How I teach character dance
Simply standing in the commanding presence of ballet teacher Olga Dvorovenko can inspire a dancer to lift her sternum, elongate her neck, widen her shoulders and engage her core muscles. Whether Dvorovenko’s teaching the youngest levels at Ballet Academy East or coaching older dancers at American Ballet Theatre, she’s able to pull the very best from her students, and they dance with the artistry and musicality of professionals. What’s one of her secrets? A deep understanding of character dance. “It teaches students coordination, and how to listen and express different music,” she says. “It helps them open up and show that they love to dance—it’s so expressive.” And beyond that, character dance gives students freedom in movement and dynamics that they may find more difficult to experience within the confines of classical ballet.
Found in almost all classical ballets—from the mazurka in Paquita to the polonaise in Coppélia—character is a highly stylized technique, done in special character shoes or boots. A standard part of many ballet academies’ curriculum, it’s also offered at many summer intensives.
Since character uses much of the same vocabulary and concepts as ballet technique, Dvorovenko says it’s best to begin character training around 8 or 9 years old. “Students have to have a basis of classical ballet. It’s impossible to teach character without one to two years of solid ballet training,” Dvorovenko says, adding that the tarantella, for example, uses the ballet step ballonné, so students need to have this movement in their bodies.
Since character is a dance tradition influenced by geographic location, stemming from both folk and court dancing in Eastern Europe, teachers may have varying stylizations and approach movements differently, Dvorovenko says. And though she was born in Ukraine, Dvorovenko’s style is heavily influenced by the Polish folk dancing troupes that often traveled to her town when she was a child.
One key movement that she teaches early on is the mazurka, a Polish step with a distinct 3-count rhythm. It’s a cornerstone of character dance and teaches students to travel smoothly across the floor, challenging their arm and head coordination. Here, Dvorovenko and student Paulina Waski demonstrate the basics of character dance and the classic mazurka.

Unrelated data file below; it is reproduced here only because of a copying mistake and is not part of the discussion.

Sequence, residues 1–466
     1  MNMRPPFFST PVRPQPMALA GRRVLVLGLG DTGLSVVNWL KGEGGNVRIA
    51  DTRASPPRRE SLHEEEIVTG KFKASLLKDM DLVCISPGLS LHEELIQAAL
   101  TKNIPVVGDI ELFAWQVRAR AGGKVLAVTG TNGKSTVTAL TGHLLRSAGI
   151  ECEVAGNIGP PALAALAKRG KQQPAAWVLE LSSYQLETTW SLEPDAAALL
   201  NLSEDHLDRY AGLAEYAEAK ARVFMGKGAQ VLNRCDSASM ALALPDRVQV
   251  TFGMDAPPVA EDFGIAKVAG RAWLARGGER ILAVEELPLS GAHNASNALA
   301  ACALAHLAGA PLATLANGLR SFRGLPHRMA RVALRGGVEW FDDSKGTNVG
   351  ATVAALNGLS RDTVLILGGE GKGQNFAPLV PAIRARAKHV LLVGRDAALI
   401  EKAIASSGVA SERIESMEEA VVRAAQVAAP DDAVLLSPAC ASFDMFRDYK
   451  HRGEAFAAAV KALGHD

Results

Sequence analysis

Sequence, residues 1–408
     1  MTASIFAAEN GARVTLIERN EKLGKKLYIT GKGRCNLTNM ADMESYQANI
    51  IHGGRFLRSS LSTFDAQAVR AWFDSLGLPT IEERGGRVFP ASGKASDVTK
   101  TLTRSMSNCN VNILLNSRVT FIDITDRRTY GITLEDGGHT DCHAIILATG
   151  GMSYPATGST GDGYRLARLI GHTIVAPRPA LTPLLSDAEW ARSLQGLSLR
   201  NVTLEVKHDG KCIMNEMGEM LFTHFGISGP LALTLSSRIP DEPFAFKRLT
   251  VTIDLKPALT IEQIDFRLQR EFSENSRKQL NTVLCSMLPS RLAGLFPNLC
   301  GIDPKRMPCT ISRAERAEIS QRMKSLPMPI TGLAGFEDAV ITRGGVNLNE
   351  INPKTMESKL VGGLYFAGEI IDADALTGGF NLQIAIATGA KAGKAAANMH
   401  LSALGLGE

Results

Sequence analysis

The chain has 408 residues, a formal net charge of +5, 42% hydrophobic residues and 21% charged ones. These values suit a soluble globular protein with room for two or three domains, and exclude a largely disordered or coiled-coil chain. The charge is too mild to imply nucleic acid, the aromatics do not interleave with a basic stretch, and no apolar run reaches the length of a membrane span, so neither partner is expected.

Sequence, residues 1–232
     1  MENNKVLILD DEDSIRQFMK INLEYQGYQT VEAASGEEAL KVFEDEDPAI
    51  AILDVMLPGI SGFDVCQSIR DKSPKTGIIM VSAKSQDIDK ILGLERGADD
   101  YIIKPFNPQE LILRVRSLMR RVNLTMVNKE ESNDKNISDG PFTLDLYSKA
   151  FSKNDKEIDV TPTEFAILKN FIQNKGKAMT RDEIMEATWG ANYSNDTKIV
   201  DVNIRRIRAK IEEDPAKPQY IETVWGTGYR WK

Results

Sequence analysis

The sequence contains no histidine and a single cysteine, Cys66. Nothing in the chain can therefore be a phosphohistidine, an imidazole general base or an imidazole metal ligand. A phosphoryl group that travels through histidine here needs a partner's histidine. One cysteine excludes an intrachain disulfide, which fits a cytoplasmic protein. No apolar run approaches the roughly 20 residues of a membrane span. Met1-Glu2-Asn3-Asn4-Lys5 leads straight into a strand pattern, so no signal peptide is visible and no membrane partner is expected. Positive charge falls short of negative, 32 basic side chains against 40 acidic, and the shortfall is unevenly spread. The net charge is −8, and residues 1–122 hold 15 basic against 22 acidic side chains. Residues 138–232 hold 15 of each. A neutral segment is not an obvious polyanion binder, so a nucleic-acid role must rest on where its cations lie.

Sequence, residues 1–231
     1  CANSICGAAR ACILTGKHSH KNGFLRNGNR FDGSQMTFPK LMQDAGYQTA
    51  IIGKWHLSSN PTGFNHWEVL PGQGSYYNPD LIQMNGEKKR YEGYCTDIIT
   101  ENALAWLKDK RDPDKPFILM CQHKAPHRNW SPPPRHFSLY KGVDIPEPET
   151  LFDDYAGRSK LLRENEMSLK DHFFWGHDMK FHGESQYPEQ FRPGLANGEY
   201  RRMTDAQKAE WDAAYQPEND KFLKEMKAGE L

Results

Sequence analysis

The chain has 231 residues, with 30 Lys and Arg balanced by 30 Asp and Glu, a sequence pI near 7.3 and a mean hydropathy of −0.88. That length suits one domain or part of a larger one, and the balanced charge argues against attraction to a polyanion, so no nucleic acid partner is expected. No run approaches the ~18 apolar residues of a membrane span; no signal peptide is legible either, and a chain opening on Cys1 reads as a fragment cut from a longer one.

Dvorovenko’s character classes begin at the barre, and she places great emphasis on training students to move their upper bodies elegantly. “Your upper body has to talk—every gesture is important,” she says. During class, she is careful to attribute each traditional movement to its global roots, giving her students a historical and worldly foundation. And because each step is associated with a unique musicality, students gain a solid understanding of rhythm and phrasing.
*Keep your chest and shoulders wide and open. Dvorovenko tells students to imagine that they have hooks and eyes attached to their backs, and the hooks and eyes are close together. At the same time, dancers must hold their stomachs in tightly.
*Increasing épaulement makes a dancer’s movement more alive, says Dvorovenko. It’s difficult to teach the arms and head together, because so many tiny movements happen at once. “It’s like adding many spices when cooking; they make the food so much more flavorful,” she says.
* When you open your arms in preparation, initiate the movement with your elbows. Then, rotate your forearms to lift your wrists and hands slightly while continuing to open your arms. When you do it correctly, your body will rise. Stay tall.
Mazurka: This 3-count step should slide across the floor. Try not to bounce, even though there are slight hops. When this step originated, dancers wore long, heavy costumes with detailed embroidery and jewels.
Photo by Kyle Froman at the ABT Studios in NYC